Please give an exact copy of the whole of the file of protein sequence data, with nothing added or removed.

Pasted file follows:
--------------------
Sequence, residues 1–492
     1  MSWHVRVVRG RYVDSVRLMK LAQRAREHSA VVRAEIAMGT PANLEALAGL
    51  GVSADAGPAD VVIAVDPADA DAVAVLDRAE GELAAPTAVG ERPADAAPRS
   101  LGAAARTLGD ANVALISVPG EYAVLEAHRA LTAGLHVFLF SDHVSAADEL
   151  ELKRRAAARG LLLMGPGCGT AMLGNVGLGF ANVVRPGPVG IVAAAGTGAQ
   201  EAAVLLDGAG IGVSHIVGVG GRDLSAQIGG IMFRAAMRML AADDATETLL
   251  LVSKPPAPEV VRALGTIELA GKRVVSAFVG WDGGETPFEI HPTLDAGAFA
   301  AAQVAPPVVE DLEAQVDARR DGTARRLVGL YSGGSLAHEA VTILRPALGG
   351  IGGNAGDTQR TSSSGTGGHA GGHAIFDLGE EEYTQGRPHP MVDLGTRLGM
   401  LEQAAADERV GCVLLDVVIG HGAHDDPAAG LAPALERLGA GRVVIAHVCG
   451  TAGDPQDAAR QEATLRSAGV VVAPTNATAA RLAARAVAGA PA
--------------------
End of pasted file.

Sequence, residues 1–492
     1  MSWHVRVVRG RYVDSVRLMK LAQRAREHSA VVRAEIAMGT PANLEALAGL
    51  GVSADAGPAD VVIAVDPADA DAVAVLDRAE GELAAPTAVG ERPADAAPRS
   101  LGAAARTLGD ANVALISVPG EYAVLEAHRA LTAGLHVFLF SDHVSAADEL
   151  ELKRRAAARG LLLMGPGCGT AMLGNVGLGF ANVVRPGPVG IVAAAGTGAQ
   201  EAAVLLDGAG IGVSHIVGVG GRDLSAQIGG IMFRAAMRML AADDATETLL
   251  LVSKPPAPEV VRALGTIELA GKRVVSAFVG WDGGETPFEI HPTLDAGAFA
   301  AAQVAPPVVE DLEAQVDARR DGTARRLVGL YSGGSLAHEA VTILRPALGG
   351  IGGNAGDTQR TSSSGTGGHA GGHAIFDLGE EEYTQGRPHP MVDLGTRLGM
   401  LEQAAADERV GCVLLDVVIG HGAHDDPAAG LAPALERLGA GRVVIAHVCG
   451  TAGDPQDAAR QEATLRSAGV VVAPTNATAA RLAARAVAGA PA